Stepping up to the challenge of leadership requires a shift in mindset and a continuous broadening of specific critical skills – at the best of times. Unfortunately, as we start to emerge slowly into something approximating a post-Covid economy, leadership just got all the more complex.
Being effective as a leader in the new normal is contingent more than ever on getting your workplace relationships right. It’s about understanding their role in influencing, empowering, aligning and mobilising your single most important resource: your people. The pandemic revealed even more of the nature of the indomitable human spirit. Resilience, adaptability, perseverance, the sheer capacity for creativity and self-reinvention are the finest qualities that human beings possess.
But in its wake, leaders also need to be aware and sensitive to its fallout – the seismic shifts in the way we work, the blurring of boundaries between home and professional life and the ongoing uncertainty that teams and colleagues continue to grapple with every day. Embracing new ways of working, building or rebuilding the future and navigating the challenges ahead also mean embracing new – perhaps more human – ways of leading. These include prioritising relationships, fomenting trust and psychological safety, and empowering other people to deliver their best.
Leaders can use several core principles to ensure their people are engaged, self-motivated and disposed to give their discretionary effort to deliver exceptional results at this time when they are needed more than ever.
Here are three.
1. Balance relationships with tasks.
Covid-19 has delivered many lessons.
For leaders, perhaps one of the most important is the need to prioritise their relationships with the people in their teams. During the pandemic, those leaders whose teams performed well and showed the most resilience were the leaders who focused on maintaining and nurturing their relationships first before moving on to the many pressing tasks facing the team.
They found that genuine human interaction – however seemingly small or insignificant – had a catalysing effect, boosting people’s wellbeing and sense of engagement when times were tough and profoundly uncertain. And this is an insight that can and should endure beyond the pandemic. Simply put, when we put relationships first, performance and execution improve.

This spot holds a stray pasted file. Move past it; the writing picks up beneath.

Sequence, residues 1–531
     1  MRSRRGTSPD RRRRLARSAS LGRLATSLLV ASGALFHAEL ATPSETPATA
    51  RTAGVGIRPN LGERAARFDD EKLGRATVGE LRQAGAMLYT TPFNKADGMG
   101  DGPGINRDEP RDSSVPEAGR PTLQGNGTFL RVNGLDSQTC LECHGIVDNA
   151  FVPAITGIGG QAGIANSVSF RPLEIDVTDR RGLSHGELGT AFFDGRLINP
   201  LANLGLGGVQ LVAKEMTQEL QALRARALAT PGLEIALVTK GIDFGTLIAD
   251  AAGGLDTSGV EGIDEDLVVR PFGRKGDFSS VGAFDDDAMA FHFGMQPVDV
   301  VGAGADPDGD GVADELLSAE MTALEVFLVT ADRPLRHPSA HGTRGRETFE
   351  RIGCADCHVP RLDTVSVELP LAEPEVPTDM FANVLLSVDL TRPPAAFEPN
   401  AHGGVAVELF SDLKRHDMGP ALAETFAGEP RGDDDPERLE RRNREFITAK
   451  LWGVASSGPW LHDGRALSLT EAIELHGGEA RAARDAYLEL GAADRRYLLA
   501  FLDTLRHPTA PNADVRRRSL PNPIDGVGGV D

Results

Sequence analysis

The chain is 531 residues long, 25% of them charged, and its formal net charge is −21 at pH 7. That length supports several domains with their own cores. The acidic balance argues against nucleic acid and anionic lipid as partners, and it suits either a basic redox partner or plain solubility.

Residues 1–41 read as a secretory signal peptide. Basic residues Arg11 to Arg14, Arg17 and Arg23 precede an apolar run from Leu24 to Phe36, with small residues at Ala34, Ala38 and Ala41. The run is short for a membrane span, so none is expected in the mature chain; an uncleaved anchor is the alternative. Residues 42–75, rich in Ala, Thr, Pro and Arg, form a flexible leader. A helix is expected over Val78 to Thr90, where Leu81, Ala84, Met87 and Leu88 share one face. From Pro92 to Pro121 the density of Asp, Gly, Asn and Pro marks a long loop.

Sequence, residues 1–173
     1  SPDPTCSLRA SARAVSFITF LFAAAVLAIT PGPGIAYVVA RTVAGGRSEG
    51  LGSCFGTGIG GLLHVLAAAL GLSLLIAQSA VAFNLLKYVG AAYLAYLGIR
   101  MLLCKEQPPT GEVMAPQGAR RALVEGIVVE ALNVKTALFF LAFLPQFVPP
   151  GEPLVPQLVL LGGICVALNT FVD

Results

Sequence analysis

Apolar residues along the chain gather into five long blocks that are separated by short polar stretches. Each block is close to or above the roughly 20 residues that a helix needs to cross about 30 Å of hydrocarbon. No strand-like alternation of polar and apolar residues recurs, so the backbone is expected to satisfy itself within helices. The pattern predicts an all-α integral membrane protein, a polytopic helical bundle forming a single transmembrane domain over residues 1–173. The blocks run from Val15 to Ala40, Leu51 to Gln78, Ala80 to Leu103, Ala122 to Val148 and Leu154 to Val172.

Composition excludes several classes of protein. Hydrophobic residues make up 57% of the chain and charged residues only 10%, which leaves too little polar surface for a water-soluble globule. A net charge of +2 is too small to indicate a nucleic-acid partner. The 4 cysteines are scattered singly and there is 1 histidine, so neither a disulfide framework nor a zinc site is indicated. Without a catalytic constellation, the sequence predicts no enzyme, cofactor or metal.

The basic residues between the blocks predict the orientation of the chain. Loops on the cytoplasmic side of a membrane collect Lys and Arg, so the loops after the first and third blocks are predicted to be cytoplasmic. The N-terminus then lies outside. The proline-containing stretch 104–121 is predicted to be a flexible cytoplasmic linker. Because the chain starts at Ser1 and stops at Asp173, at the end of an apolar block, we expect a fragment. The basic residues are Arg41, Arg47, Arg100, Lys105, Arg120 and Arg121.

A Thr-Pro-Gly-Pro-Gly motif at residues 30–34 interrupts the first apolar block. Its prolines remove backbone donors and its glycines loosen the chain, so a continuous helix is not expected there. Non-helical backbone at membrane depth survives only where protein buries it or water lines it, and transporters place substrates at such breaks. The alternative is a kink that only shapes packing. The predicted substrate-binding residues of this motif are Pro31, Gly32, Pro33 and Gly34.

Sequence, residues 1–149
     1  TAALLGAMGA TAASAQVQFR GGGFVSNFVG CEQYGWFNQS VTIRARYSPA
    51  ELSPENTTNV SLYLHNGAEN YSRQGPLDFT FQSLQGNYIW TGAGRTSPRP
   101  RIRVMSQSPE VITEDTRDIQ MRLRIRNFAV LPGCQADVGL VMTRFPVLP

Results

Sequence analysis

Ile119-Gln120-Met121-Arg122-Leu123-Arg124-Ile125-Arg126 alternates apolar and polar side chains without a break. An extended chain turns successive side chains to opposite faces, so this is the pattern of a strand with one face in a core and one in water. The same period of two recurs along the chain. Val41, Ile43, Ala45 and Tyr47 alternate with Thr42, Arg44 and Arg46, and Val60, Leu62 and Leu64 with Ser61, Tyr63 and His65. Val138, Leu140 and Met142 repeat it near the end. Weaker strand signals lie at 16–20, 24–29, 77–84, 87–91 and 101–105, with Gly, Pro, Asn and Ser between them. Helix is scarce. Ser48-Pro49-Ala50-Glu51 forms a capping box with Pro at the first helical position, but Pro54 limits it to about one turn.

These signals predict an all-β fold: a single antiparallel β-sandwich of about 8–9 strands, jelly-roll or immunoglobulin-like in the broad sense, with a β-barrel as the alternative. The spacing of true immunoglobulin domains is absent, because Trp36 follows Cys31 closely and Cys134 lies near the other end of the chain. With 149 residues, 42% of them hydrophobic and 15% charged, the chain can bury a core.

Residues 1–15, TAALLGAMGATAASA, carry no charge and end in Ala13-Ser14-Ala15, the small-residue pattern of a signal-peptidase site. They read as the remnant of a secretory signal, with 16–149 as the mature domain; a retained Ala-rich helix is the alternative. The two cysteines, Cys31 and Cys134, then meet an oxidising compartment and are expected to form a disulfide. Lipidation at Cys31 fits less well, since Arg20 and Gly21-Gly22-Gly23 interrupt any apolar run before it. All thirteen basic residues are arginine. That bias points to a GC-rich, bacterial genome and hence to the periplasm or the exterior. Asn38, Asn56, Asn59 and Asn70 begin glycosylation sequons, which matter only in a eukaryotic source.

Try this for yourself. In your next team meeting or one-to-one, ask your people how they are. Please find out more about their challenges and how well they are coping. There’s no need to have advice or all the answers to hand – the simple act of listening will give you deeper insight and understanding of your team members while simultaneously ensuring that they feel heard, valued, and respected.
And that’s good for morale, for team engagement, and for your business.
2. Build psychological contracts, trust and safety
Good relationships are undergirded by trust. Where there is trust, there is also space for communication, for information sharing, for learning and growing, and for the kind of innovation and creativity to occur that are the fabric of any successful team and organisation.
Trust results from purposeful contractual psychological interchanges and your capacity as a leader to create a sense of safety. That means modelling transparency, authenticity, openness and even your own vulnerability, where appropriate.
Make it a clear objective to think about your team’s working agreement. Think about how you set expectations and understand how you all get the best from each other. And try to ensure that your team members feel empowered to fail – to ideate, experiment, make mistakes and learn from them. Then, as a leader, it’s down to you to find the ways to make your people feel safe enough to give their best and discretionary effort.
Why not find the right way to ask your team members the following kinds of questions:
- How can we be even more effective while working remotely?
- How do I get the best from you?
- How should I communicate effectively with you?
- What support do you need from me?
3. Make the expansion from managing to leading
Ask most people, and they will tell you the same thing: most of us prefer to feel inspired, stretched, trusted and appreciated than managed, controlled, or simply told what to do when it comes down to it. Giving other people enough autonomy is the key to empowering them to learn, grow, and develop new skills and aptitudes – to have agency, make their own decisions, and contribute more to the team’s success.
This is one of the essential precepts of effective leadership, and it marks the distinction between a manager and a leader of people. It is a shift in mindset – the transition from thinking about yourself as the principal player who makes everything happen to a leader who can multiply your impact through others.
Leadership is about giving other people the context, the culture and the environment to shine and bring their best selves to their work. And that means being courageous about building the bench strength around you for the whole team – and the broader organisation to succeed.
This might feel scary. You might wonder what might happen to your role as a leader if you focus on empowering others – what if they leapfrog you within the organisation? But in reality, what happens is quite different. As the tide rises, all ships rise with it.